First, when I first sat down to write this program, I went straight to work on all the abstract stuff–the data structures and algorithms that would model the grid, cells, and the spawning/killing process. And for the sake of this discussion, it’s simpler for me to explore those concepts sooner rather than later. But I believe that laying out a ton of simulation logic right away is a bad habit, albeit one that I indulge in a lot. At the very least, it’s a good idea to build a few rudimentary drawing routines (“debug draw” in game industry parlance) that let you start running visualizations of your code right away.

It is also a good idea to be testing little parts of your program as you write them; the lads in the fancy pants refer to this as “unit testing”. This will hopefully reduce the amount of debugging you have to do when your program has reached its full complexity. I was not in the habit of doing this either, which meant I had a lot of really basic problems creep out of the woodwork while I was actually running simulations, e.g., I didn’t notice that my linked lists were getting corrupted until I noticed some weird spawning patterns. Anyway, do as I say, not as I do.

Second, I’m reasonably happy with the approach I came up with, but I don’t want to deliver the impression that it just sprung fully-formed from my head, like Athena from the cracked skull of Zeus. Arriving at my solution involved a lot of wrong turns and revisions.

The rules of Life

I’m not sure if there’s a canonical terminology for the Game of Life, so let me quickly go over the basics, using the terms that I use in the source code.

We have a two-dimensional grid of cells. It can be as big or as small as you want.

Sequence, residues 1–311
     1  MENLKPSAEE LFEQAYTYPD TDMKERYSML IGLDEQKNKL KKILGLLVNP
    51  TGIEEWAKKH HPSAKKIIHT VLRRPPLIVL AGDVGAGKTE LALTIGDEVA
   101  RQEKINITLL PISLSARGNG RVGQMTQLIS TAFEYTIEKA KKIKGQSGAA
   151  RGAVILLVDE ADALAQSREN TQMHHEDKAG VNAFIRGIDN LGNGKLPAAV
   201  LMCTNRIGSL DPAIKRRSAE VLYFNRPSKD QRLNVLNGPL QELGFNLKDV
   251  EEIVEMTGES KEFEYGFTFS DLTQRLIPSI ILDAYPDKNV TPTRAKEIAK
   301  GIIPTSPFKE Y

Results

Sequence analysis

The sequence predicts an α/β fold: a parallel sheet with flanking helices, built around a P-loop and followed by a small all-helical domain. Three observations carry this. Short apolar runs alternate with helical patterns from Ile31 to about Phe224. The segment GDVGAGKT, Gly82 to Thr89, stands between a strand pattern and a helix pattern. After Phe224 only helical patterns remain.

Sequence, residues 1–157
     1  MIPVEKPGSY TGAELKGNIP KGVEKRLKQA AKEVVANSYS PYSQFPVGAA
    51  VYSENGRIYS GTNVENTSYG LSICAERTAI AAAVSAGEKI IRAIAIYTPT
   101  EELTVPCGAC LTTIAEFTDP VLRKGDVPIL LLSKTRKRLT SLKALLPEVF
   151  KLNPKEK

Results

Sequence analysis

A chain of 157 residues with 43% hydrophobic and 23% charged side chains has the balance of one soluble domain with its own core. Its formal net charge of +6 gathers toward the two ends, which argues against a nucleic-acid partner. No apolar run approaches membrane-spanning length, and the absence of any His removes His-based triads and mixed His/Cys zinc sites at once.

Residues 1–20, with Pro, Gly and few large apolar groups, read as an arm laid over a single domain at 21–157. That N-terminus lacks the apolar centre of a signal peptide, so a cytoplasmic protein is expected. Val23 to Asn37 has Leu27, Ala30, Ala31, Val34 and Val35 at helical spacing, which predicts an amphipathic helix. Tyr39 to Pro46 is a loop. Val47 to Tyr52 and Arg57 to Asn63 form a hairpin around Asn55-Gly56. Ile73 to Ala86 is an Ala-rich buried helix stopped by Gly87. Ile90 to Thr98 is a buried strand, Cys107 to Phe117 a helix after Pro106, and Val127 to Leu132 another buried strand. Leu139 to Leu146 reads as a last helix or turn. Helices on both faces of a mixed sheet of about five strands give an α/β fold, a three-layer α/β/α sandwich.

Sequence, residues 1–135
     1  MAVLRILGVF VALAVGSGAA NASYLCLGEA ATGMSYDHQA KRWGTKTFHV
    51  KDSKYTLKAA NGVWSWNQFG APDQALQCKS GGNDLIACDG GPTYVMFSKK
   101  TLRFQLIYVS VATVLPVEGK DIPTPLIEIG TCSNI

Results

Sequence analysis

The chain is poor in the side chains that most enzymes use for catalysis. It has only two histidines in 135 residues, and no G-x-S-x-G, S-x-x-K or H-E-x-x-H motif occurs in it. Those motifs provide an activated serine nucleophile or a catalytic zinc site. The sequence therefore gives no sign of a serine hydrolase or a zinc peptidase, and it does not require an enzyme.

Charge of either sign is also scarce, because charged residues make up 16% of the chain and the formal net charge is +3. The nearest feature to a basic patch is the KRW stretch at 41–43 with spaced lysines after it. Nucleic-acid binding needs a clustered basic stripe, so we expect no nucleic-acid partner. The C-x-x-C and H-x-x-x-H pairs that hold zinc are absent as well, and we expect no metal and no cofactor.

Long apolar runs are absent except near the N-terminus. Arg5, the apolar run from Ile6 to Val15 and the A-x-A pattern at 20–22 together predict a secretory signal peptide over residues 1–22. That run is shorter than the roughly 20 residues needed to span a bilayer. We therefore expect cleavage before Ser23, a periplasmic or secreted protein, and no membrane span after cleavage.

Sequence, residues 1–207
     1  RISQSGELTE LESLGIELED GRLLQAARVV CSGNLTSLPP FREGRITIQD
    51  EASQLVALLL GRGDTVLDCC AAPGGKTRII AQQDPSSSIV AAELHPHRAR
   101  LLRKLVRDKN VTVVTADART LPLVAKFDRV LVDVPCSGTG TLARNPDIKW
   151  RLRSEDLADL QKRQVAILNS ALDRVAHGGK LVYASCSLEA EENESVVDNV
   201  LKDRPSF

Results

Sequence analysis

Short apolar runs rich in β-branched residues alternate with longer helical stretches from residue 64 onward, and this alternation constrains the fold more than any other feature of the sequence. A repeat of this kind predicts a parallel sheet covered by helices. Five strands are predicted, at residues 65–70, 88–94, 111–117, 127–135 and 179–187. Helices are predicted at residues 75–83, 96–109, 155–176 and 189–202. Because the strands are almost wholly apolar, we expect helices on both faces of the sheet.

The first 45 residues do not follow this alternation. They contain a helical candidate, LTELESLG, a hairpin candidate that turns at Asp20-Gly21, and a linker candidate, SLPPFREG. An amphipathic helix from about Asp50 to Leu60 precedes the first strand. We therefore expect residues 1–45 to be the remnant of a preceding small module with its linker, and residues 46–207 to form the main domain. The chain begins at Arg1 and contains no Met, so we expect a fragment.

An empty Life grid

Each cell is either alive or dead. Over the course of our simulation, a cell can go from being alive to being dead, or vice-versa. The term I use for turning a live cell to a dead one is kill, and the term I use for turning a dead cell to a live one is spawn.

The grid is seeded with live cells, arranged in any pattern we choose.

A seeded Life grid

This is the way the grid looks now, in the current generation. In the next generation, some cells will be killed, and other cells will be spawned.

On a 2D grid, a cell has eight neighbors, located directly or diagonally adjacent to it. You can think of the neighbors as lying in each of the cardinal and intermediate directions: north, north-east, east, south-east, etc.

Whether a cell gets spawned or killed depends on how many live neighbors the cell currently has. Let’s refer to the number of a cell’s live neighbors as its live neighbor count.

We will use the following rules to determine what the grid will look in the next generation.

  • If a dead cell has three live neighbors in the current generation, we will spawn it; i.e., it will be alive in the next generation.
  • If a live cell has two or three live neighbors in the current generation, we will leave it alone. It will go on its happy way into the next generation. Otherwise, we will kill it; i.e., it will be dead in the next generation.

Here are a few successive generations of our example grid.

First generation
Second generation
Third generation

Fun fact #1: this seed pattern, known as “acorn”, starts with only seven live cells, but continues to expand and evolve for 5206 generations before it reaches a “stable” state, in which the grid no longer changes.

Modeling the simulation

There are plenty of ways to represent the Game of Life in code, but it might be good to start with the most direct possible translation of the rules. From there, we can see where we might be able to improve upon it.

Let’s start with a grid of boolean values called alive. If alive[i, j] is true, it means that the cell in the ith row and jth column of the grid is alive. Of course, a false value means that the cell is dead.

For the first generation of the “acorn” pattern pictured above, alive would look like this:

  0 1 2 3 4 5 6 7 8 9 10
0 f f f f f f f f f f f
1 f f f f f f f f f f f